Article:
Still, most of the blue links aren't very helpful and they hurt my eyes. Plus there's some redundancy so I tried to fix that up a bit. By all means engage in some Wiki Magic if you think I screwed this up in some way, but try to keep things going in the direction away from Trope Decay.

Sep 20th 2010 at 2:40:24 PM •••

The way this definition reads, it basically says that the Heroic Sociopath is a Complete Monster who Crosses the Line Twice and is still on the side of good.

We should add something to the definition which says that a character doesn't need to be completely evil in order to qualify for this trope (needs to be at least a Type IV on the Sliding Scale Of Antiheroes in order to qualify though) and can still have standards and Pet the Dog moments.

Sep 21st 2010 at 9:44:23 AM •••

In fact lloyd is a perfect example of sociopath and is True Neutral at worst.

Edited by cclospina
Sep 21st 2010 at 12:12:04 PM •••

Which just shows you how much the popular portrayal differs from the reality.

Oct 20th 2010 at 1:00:16 AM •••

Which just further goes to show, YMMV on several issues, but I do agree it is getting a bit ridiculous. The only thing I can't find out is why any over-the-top Anti-Hero gets this page. Seriously.

Is there a way to define it down to a smooth, definitive definition, that works well, to eliminate some of the more egregious examples? Just curious, is all.

Nov 11th 2010 at 6:27:19 AM •••

For now, I think I'll just avoid the Heroic Sociopath trope entry altogether. The Trope Decay seems beyond repair.

Dec 5th 2010 at 6:19:53 PM •••

It seems most people who wish to imply the original meaning of this sort of character link to "Comedic Sociopath," redirecting to "Comedic Sociopathy" instead. Maybe we should change the title of the trope to "Comedic Sociopath?" I mean, am I mistaken in assuming that the original meaning of this trope is the anti-heroic counterpart to "the Ace?" Meaning, where the Ace has his awesomeness and day-saving exaggerated extremely and then played for laughs, the Heroic Sociopath has his sociopathy and anti-heroic quantities exaggerated to the extreme and played for laughs.

Edited by GentlemanCambrioleur
Dec 5th 2010 at 8:04:22 PM •••

A sociopathic protagonist in a straight-up comedy is an Unsympathetic Comedy Protagonist

Dec 6th 2010 at 3:46:03 PM •••

I disagree. An Unsympathetic Comedy Protagonist isn't always a Heroic Sociopath and vice versa. A Heroic Sociopath is funny BECAUSE he's so blatantly over-the-top, while the Unsympathetic Comedy Protagonist is funny, but not the source of his funny isn't always because he's such a jerk.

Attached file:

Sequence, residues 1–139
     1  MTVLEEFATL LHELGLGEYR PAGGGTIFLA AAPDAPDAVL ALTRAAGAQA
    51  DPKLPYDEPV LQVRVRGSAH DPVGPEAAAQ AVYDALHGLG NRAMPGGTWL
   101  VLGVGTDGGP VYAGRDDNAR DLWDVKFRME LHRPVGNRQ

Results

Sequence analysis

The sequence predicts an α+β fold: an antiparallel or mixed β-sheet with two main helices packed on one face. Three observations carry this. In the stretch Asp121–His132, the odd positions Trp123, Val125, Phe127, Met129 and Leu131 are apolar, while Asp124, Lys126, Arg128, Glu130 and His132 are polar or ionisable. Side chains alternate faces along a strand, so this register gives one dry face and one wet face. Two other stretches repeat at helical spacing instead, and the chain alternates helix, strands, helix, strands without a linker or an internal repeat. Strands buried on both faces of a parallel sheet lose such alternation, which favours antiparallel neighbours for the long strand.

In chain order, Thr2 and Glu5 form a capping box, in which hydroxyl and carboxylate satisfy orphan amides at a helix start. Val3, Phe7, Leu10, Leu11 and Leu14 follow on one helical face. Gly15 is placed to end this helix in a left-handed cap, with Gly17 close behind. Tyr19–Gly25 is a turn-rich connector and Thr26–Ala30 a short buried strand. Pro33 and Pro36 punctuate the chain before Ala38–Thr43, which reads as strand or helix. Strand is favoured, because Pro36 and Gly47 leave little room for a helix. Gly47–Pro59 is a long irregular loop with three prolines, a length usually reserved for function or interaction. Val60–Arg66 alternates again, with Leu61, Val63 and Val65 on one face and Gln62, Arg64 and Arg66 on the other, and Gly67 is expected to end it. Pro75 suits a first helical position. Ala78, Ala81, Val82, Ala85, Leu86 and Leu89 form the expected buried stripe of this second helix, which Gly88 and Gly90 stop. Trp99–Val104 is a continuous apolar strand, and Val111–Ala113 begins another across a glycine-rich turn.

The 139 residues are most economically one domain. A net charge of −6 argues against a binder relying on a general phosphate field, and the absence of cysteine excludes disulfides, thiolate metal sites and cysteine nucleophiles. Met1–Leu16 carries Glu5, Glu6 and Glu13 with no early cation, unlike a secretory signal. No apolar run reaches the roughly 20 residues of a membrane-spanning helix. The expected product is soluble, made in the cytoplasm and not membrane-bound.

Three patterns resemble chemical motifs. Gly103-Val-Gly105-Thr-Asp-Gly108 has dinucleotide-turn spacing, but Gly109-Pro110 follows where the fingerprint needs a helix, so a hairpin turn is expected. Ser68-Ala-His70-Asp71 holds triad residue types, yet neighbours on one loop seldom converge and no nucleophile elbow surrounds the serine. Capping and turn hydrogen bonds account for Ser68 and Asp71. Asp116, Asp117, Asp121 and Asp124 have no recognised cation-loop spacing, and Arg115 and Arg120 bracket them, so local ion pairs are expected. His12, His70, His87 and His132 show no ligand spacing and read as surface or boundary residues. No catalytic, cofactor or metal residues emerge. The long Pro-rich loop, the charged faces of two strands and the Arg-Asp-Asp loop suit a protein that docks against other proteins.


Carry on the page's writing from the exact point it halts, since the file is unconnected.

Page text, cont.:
Edited by GentlemanCambrioleur
Dec 14th 2010 at 4:42:24 PM •••

I saw tons of examples were removed earlier, and I think a lot of them are good examples. I would agree with getting rid of Chiri from Sayonara Zetsubou Sensei- she's definitely a comedic sociopath but rarely a heroic one. However, most of the other examples are gleefully evil people who are on the side of good- they are what the trope is about.

Dec 18th 2010 at 8:38:44 PM •••

But the audience is gleeful with them. It's not a one-sided relationship; we get as much enjoyment out of their antics as they do themselves. There's a BIG difference between a Heroic Sociopath and a Type V anti-hero who grins a lot.

May 17th 2011 at 1:38:52 AM •••

The name of this particular trope doesn't seem to fit the description of it entirely. While it is true that Heroic Sociopaths can often be played for laughs, what about Heroic Sociopaths that AREN'T comedic. By this I mean a person in fiction that is completely insane, likes to kill and cause destruction, is NOT funny, (most characters are comedic on occasion, This only counts if they are not frequently funny THEMSELVES, not the media they are in in general) but still does heroic things most of the time despite, or possibly because of their insanity. Here's an live TV example in this very troupe page: •Dexter Morgan from Dexter a serial killer with a code, and a realistic superhero.

Jun 26th 2011 at 1:15:24 PM •••

I just figured this trope was about just what the laconic definition said it was: An Anti-Hero who enjoys his job a little too much. You know, maybe the hero character is heroic, and they ultimately fight for a good cause, but the antihero will be a Combat Pragmatist; the Heroic Sociopath would be a Combat Pragmatist Blood Knight who Loves the Sound of Screaming and takes a morbid sadistic pleasure in slaughtering innocent people the bad guys!

I also noticed that this trope is supposedly the Evil Counterpart to The Ace; I don't see how that is, because I didn't think the Heroic Sociopath needed to be exceptionally good at whatever he does; he just needs to have fun running around with that chainsaw *

Edited by Stoogebie
Mar 4th 2010 at 10:51:57 AM •••

Ling on Ali Mc Beal (somebody locked the page so I can't add the example)